With the new exhibition “God’s Warriors”, the Klosterneuburg Monastery focuses on the Hussite wars in the 15th century around Vienna. Paintings, sculptures, documents and other historical finds from this controversial period are presented.
In the mid-14th century, the plague gradually swept Europe, and natural disasters caused economic and social problems. “Circumstances of this kind caused real crises of faith among the population at the time, which subsequently also led to armed conflicts,” explains Maria Theisen, the curator of the exhibition at Klosterneuburg Abbey.
Followers of the Catholic Church competed against so-called “reformers” who refused allegiance to both the Catholic Church and the Holy Roman Empire. First and foremost was the reformer Jan Hus with his followers, the Hussites. Both groups referred to themselves as “warriors of God” and felt they alone represented the true faith. The Hussite Wars lasted from 1419 to 1436 and went to the gates of Vienna.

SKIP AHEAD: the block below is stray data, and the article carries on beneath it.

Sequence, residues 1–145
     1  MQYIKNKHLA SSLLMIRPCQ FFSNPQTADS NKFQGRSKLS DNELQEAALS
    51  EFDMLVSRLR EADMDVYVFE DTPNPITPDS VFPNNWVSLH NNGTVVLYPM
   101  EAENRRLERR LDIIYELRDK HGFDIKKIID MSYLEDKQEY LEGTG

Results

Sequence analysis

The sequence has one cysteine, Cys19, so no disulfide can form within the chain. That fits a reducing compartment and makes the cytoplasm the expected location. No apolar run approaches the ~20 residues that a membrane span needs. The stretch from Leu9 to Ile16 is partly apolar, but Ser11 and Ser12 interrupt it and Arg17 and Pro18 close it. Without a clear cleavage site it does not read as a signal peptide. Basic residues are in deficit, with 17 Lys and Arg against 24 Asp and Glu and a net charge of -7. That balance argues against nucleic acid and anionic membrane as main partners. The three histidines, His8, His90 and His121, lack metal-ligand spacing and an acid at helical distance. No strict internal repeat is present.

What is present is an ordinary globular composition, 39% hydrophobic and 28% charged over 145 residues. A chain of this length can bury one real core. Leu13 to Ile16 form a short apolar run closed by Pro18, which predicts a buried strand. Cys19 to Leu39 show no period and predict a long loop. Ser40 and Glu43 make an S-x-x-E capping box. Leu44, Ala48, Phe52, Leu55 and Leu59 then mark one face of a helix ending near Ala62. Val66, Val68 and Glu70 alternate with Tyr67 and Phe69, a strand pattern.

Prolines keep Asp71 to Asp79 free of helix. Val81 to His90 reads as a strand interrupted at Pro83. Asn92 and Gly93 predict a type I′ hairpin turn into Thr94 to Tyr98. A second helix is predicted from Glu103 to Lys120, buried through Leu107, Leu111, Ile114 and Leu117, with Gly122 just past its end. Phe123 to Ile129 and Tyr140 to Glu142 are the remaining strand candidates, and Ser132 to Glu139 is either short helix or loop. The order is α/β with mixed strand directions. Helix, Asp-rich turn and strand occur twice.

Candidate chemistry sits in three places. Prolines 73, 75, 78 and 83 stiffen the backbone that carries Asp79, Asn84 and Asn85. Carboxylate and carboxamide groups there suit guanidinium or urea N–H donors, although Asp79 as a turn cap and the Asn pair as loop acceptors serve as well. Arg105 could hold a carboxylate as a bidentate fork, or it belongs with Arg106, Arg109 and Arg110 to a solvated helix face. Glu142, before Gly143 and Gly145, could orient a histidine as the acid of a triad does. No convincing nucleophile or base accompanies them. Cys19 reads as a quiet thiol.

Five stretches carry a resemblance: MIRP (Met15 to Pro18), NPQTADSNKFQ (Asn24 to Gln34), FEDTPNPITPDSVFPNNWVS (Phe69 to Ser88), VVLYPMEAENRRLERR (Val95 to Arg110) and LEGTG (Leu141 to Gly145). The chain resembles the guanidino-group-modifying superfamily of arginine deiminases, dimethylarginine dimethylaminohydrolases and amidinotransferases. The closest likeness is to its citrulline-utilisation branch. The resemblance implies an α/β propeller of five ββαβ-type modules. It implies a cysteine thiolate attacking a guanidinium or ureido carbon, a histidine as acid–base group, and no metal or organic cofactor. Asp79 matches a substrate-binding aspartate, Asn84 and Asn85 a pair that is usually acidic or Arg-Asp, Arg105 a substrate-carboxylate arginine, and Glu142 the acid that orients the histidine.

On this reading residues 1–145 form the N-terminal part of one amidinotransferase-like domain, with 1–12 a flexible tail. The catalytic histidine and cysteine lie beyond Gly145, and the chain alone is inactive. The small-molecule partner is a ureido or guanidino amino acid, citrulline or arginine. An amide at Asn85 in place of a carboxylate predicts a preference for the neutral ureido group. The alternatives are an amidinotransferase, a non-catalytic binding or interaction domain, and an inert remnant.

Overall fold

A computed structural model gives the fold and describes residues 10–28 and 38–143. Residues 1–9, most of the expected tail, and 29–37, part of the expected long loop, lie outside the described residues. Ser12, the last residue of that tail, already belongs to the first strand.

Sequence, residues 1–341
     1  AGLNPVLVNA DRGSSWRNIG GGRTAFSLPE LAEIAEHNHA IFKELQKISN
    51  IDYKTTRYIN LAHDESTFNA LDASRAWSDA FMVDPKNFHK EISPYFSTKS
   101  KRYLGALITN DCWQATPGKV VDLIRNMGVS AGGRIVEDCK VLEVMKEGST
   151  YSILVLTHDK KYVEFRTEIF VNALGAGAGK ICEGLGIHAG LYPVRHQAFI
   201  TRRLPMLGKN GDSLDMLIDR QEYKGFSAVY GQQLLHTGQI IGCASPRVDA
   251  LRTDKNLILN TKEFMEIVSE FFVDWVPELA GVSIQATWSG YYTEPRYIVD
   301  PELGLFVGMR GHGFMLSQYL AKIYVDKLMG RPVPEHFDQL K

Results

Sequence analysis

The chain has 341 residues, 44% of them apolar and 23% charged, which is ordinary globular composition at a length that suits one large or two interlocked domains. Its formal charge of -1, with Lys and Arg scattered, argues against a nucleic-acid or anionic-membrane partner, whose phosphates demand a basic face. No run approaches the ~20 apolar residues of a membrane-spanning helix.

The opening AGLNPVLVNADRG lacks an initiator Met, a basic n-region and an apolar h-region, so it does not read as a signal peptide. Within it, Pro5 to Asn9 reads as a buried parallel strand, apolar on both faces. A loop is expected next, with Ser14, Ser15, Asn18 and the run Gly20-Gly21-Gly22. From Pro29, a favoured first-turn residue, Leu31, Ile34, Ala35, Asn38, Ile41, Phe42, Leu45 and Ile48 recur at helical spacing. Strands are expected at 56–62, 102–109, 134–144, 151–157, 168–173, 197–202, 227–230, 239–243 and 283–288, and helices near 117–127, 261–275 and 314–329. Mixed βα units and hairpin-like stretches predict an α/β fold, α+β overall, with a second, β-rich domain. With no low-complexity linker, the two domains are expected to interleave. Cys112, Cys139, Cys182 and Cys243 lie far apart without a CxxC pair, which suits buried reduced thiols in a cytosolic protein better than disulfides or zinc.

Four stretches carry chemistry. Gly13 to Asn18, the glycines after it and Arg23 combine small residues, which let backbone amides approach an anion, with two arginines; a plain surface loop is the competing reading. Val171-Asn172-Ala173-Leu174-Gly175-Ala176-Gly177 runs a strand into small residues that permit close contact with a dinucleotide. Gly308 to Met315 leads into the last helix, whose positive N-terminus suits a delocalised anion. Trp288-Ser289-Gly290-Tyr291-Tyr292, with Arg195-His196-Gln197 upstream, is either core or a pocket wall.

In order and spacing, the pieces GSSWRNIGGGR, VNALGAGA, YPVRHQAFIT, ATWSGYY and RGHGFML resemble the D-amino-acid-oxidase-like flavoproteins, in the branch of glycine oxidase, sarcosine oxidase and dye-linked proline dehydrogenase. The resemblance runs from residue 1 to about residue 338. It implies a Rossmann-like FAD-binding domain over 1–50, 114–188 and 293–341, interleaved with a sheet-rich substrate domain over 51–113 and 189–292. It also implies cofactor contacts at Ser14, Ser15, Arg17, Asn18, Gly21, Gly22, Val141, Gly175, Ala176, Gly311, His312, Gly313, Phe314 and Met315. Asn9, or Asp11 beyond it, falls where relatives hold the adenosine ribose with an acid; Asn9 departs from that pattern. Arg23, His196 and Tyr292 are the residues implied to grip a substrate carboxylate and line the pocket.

Valuables on display in Klosterneuburg Abbey
The Klosterneuburg monastery also played a not insignificant role during these disputes. The monks of the monastery acted as advisors to the then Duke Albrecht V, who fought in the war against the Hussites. In addition, the monastery also served as a refuge for war refugees from Bohemia and Moravia.
Fleeing from the Hussite wars, the refugees from Bohemia and Moravia brought many of their valuables with them to Klosterneuburg Abbey. These are now on display in the pen. The exhibition can be visited daily from 9 a.m. to 6 p.m. until November 15.